STICKS AND STONES
(The Wish Makers, Book 1)
By Shawn McGuire
Everyone has a dark side. Mandy’s just moved in with her.
The last time sixteen-year-old Mandy Matteo broke a rule, her sister died. Since that day she has done only what is expected of her, but life as a goody-goody has made Mandy so boring her friends have all but abandoned her. And she’s given up on ever getting Ethan, the boy she’s liked forever, to notice her. Desperate, Mandy makes a wish to simply be happy.
Her wish is granted and happiness arrives in the form of Lexi, her childhood imaginary friend come to life. Magical wishes have conditions though: Once started, the wish cannot be altered or stopped. And once Mandy is truly content with her life again, Lexi must go back to where she came from. But Lexi loves being alive and she’ll do whatever it takes to stay that way.
I won Book 2, Break My Bones, in a giveaway and because I don’t like to start a series in the middle, I bought Sticks and Stones.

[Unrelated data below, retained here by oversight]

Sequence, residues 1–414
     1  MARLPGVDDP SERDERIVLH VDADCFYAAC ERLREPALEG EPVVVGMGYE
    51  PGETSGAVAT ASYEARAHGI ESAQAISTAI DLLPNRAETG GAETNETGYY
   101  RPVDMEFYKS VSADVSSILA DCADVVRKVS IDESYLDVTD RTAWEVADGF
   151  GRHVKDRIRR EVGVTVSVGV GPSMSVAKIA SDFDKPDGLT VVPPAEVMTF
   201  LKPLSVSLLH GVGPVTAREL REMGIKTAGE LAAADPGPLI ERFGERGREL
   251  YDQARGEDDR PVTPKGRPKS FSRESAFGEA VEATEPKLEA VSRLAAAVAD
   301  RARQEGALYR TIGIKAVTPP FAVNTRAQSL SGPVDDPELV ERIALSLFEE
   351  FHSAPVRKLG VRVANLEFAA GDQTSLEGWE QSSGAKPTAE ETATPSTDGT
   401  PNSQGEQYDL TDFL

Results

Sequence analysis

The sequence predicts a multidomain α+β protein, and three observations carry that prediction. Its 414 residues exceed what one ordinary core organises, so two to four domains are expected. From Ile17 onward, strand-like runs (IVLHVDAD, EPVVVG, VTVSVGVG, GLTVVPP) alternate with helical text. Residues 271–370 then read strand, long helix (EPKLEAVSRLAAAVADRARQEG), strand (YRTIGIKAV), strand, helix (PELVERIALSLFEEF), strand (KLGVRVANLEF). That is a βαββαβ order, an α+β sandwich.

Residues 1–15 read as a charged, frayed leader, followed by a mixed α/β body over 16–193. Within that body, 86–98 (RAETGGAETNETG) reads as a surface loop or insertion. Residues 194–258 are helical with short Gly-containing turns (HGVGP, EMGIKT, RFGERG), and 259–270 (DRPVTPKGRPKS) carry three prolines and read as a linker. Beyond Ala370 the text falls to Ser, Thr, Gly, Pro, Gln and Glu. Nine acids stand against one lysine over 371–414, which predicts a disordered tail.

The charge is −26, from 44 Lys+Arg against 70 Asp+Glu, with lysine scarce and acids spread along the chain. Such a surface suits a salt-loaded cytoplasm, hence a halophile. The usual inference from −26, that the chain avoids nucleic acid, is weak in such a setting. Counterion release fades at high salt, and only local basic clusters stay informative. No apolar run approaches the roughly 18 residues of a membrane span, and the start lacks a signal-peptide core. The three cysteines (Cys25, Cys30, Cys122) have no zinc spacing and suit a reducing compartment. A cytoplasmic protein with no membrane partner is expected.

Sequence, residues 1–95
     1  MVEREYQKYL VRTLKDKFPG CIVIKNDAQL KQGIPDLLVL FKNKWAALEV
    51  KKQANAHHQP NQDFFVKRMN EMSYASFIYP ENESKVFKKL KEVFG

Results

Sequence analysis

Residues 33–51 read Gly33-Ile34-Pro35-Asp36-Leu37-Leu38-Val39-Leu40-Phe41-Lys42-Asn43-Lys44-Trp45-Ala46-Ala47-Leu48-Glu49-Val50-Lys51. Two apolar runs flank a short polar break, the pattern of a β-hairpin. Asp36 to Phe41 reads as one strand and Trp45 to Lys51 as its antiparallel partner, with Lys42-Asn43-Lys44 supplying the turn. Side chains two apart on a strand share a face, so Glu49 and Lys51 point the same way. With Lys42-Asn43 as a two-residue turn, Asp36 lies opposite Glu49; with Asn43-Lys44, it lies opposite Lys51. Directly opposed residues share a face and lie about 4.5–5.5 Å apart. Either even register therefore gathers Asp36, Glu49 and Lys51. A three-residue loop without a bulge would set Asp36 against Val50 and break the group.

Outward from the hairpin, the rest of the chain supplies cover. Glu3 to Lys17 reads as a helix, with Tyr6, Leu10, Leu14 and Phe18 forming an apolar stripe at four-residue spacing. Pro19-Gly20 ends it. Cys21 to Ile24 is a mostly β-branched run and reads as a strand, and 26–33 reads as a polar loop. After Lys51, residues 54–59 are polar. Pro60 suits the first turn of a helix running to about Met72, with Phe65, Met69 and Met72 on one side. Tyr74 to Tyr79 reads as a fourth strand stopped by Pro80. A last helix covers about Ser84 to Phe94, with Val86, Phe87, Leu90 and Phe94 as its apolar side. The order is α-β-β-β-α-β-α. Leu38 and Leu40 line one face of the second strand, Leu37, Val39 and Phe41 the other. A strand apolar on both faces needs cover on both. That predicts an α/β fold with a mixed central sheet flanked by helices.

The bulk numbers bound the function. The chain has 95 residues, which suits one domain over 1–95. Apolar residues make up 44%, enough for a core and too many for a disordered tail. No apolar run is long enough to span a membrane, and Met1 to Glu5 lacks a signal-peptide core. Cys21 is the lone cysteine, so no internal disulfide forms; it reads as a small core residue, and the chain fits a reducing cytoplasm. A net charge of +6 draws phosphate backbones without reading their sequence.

At first, it was hard to get into the book. The main character, Mandy, is not only boring, a goody-goody, but also one of these enervating ‘woe-is-me’- types that I abhor. The first third of the book, until after Lexi moves in and things start to change, the word that describes the experience best is ‘static.’ Grey-on-grey, boring, always the same. Not one toe out of line.
However, and this is a huge however, the second Mandy was forced step out of her comfort zone, the story gained traction. And then it turned into a wonderful, heartfelt story.
The way Mandy is forced to confront her demons and face the ugly truth hiding deep within in her, the way the rapid change of events leads to her coming into her own is gripping and has you into its claws until the last page.
Sticks and Stones is a story about guilt, about remorse, about fear (not teenage angst, but the real thing) of consequences; it's about a lot of things actually, but most of all about how honesty and facing your demons sets you free; how change, though painful, is a good thing if you choose a new perspective; and how letting you go can result in spreading your wings and learning to fly.
Sum Total: 4 STARS
Though a bit hard to get into at first, the story is good once Mandy finds her stance and voice. It’s a great book and it made me think. Which is something I value. It’s not the most enjoyable book there is; it hits home too close sometimes for that, as we all know either first hand or someone else having the same experience. Nevertheless, it’s a fantastic read and I recommend it, as I'm starting Break My Bones now.
PS: the only reason it doesn’t rate 5 STARS is because however good, Sticks and Stones is still no Shakespeare. ;)
Get your copy HERE